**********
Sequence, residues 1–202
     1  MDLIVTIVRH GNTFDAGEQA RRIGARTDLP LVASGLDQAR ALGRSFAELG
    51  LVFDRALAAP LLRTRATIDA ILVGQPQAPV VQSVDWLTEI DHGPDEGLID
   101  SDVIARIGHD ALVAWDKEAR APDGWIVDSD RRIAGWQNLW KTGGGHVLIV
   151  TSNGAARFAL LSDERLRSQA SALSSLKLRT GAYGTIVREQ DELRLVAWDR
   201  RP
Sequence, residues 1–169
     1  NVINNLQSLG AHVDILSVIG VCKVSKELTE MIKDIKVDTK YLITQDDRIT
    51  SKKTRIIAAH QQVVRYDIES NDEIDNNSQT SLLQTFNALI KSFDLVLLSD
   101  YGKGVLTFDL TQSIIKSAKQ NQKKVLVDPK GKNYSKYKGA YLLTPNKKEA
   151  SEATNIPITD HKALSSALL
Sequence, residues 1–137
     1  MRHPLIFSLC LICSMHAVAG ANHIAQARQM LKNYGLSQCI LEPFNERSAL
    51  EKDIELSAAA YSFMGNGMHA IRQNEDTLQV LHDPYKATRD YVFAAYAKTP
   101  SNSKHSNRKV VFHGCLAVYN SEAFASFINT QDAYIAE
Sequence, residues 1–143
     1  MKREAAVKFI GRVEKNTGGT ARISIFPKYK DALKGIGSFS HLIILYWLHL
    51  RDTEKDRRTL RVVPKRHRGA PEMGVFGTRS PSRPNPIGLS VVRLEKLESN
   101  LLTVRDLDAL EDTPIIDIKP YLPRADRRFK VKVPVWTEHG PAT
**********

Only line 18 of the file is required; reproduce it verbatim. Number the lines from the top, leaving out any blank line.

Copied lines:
    51  RDTEKDRRTL RVVPKRHRGA PEMGVFGTRS PSRPNPIGLS VVRLEKLESN